#Shortstops: Comic gold
Daniel Horine could never have imagined where one comic-style art print of former All-Star first baseman Will Clark would take him.
Little did he know that what began as a pandemic hobby, creating prints of baseball players in the style of comic book covers, would eventually land him in the Hall of Fame. Now, nine of his prints are preserved within the Museum’s Library Archives.
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“I didn’t really expect much or think much of it – it was not a deliberate thing, like, ‘I’m going to do this, and I’m going to turn it into a business, and my work will one day be in the Hall of Fame,’” Horine said. “It was very much, ‘Oh, I’ll try this, not much else has happened with my little projects, so I’ll try this, see what happens, maybe do a couple, then call it a day and move on to something else.’ But to be at this point is totally novel and very exciting.”
Horine grew up loving two things more than almost anything else: Art and baseball. As a kid, he was always drawing, painting and coloring. And though he grew up in the Los Angeles area, he was a member of the TBS generation of Atlanta Braves fans, developing an affinity for the team and his favorite player, Dale Murphy, because their games were accessible on national television.
When the COVID-19 pandemic hit in 2020, Horine had become interested in recapturing his youth through art, and wanted to start a new project into which he could channel that effort. A friend proposed he do a piece on Will Clark in comic book style, and thus the project began.
“For my first few, I was just putting them on Instagram, and whatever followers I had at that time or whoever happened to see my hashtags, they were able to see it,” Horine said. “I really expected to sell maybe two, three, four – which I did – and that would be that.”
He decided to start putting out one print a week, each for one week only – after which it would be retired forever. By his fourth release, he got the opportunity to partner with his childhood hero to create “Power Alley.”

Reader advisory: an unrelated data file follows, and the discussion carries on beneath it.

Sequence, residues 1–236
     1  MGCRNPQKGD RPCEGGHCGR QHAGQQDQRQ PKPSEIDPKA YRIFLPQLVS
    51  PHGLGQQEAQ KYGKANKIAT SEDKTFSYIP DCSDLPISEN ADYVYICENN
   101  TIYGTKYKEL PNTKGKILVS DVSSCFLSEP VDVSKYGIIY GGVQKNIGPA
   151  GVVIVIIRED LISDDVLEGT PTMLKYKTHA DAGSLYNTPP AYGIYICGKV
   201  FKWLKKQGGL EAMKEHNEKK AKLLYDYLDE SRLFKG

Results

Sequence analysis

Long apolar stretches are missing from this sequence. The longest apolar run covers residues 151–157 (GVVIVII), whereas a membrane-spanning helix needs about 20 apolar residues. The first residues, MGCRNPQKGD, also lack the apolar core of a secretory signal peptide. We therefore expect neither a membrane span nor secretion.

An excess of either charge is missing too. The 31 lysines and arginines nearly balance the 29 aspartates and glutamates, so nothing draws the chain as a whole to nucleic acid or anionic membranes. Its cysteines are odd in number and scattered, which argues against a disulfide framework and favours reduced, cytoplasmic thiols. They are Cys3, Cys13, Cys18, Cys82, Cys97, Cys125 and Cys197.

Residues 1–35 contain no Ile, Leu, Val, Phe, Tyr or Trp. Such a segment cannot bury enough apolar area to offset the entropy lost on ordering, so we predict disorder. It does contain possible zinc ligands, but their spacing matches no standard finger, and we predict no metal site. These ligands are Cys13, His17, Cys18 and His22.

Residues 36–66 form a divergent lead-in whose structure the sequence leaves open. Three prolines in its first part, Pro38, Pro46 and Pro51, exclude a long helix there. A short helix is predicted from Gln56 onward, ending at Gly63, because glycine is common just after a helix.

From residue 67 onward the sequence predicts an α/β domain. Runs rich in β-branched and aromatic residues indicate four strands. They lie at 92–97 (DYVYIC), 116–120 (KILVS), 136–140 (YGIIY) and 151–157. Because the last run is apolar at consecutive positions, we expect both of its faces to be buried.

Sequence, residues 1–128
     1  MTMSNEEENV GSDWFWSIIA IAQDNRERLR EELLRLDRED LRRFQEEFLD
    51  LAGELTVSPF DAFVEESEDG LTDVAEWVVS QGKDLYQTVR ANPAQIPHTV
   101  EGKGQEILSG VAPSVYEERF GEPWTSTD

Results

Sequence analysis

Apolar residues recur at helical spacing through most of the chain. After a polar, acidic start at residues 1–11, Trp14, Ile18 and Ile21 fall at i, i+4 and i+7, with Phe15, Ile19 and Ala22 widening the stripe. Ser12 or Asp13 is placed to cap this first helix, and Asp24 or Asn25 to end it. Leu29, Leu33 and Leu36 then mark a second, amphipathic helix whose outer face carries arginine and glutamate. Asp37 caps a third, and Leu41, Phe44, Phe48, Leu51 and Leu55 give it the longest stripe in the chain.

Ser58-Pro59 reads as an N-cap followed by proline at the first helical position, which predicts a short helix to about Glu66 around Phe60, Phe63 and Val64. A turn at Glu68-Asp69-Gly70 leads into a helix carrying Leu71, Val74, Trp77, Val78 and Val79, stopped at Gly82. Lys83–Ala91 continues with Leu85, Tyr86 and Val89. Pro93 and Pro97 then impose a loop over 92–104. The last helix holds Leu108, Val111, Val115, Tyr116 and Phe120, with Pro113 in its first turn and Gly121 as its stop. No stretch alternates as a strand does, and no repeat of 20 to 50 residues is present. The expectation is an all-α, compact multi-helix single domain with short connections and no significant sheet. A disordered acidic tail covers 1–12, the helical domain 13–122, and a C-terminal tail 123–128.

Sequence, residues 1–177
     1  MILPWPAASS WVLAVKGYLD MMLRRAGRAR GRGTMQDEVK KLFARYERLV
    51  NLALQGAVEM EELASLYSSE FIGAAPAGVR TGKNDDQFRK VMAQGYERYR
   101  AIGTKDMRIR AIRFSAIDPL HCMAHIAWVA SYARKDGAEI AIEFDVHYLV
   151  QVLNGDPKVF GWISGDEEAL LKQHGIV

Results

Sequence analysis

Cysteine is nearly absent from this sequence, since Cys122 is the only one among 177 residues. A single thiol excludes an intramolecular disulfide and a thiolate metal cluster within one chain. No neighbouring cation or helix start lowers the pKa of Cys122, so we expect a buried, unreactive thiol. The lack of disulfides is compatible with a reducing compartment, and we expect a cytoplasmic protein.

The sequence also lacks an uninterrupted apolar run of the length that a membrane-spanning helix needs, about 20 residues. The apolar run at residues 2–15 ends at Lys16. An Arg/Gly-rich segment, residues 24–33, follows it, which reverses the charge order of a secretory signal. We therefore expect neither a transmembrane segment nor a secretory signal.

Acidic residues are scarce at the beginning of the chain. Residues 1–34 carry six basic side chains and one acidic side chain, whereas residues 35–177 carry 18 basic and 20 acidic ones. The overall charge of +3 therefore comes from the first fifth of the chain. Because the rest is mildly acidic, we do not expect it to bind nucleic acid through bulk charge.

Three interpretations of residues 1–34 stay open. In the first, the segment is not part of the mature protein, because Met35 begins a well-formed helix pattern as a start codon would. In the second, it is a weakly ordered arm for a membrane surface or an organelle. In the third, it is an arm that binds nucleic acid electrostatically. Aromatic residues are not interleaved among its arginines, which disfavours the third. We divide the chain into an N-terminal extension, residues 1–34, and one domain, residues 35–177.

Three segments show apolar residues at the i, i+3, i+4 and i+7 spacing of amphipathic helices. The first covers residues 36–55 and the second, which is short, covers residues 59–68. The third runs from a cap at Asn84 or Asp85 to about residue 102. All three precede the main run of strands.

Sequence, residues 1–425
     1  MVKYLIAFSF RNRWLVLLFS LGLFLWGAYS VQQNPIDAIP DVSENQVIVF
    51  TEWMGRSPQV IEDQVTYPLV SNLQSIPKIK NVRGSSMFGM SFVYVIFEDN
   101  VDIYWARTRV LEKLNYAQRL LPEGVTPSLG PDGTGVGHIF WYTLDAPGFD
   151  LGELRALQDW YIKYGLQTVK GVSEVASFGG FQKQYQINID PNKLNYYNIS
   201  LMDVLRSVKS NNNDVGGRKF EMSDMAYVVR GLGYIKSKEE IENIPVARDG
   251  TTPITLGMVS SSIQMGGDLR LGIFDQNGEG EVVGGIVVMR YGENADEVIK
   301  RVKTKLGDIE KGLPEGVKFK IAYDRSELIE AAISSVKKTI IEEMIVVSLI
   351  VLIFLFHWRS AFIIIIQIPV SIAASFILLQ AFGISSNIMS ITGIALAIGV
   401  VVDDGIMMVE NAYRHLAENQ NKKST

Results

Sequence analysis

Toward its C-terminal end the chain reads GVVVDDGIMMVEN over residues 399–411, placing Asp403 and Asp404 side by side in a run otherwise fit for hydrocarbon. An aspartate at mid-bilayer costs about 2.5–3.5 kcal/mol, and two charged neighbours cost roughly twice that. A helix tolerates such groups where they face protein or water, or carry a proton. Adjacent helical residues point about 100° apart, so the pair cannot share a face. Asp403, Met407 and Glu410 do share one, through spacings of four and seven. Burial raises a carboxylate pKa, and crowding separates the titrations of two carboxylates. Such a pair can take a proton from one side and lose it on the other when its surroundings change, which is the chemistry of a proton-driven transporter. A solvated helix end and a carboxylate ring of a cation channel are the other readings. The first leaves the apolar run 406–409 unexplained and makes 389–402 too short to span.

“We had turned the corner from me being a fan to us being friends a year or two before, so [Murphy] was like, ‘Let’s do something together,’” Horine said. “I always will be very grateful to Dale Murphy for that. That early connection to the project really set things in motion in a good way.”
From there, Horine’s work continued to grow in popularity and reached a turning point in December 2020, when he was able to promote his work through an appearance on MLB Network’s Hot Stove with Matt Vasgersian and Harold Reynolds. A spike in sales immediately followed.
Despite his work’s widespread notoriety, Horine was still shocked when he got word that the Hall of Fame was interested in adding several pieces to its collection.
“I read the email and came downstairs immediately, gave my wife no context – I just came down and started reading the beginning of the email,” Horine said. “It was very, very exciting to me, and out of the blue. I didn’t realize I was on anyone’s radar there.”
He ultimately donated nine different prints to the Hall of Fame: “The Cobra”, “Codebreaker: Dark Arts”, “The Wizard”, “The Green Monster”, “The Big Red Machine”, “The Hawk”, “The Curse of the Bambino”, “World Series 75: Waving it Fair”, and “Rubberband Man.”
For the lifelong baseball fan and artist, it’s a dream come true to be able to combine baseball and nostalgia into works of art that people enjoy.
“I don’t want to make it too dramatic to say this, but it’s an artist’s dream to be able to do the work that you want, and to have that resonate with people,” Horine said. “Oftentimes when you’re an artist, you end up doing the work that other people tell you to. So to be able to tell my own stories is rare and novel, and I am extremely grateful for that.”
To learn more about Horine’s work and view his latest drop of the week, you can visit popflypopshop.com.
Janey Murray was the digital content specialist at the National Baseball Hall of Fame and Museum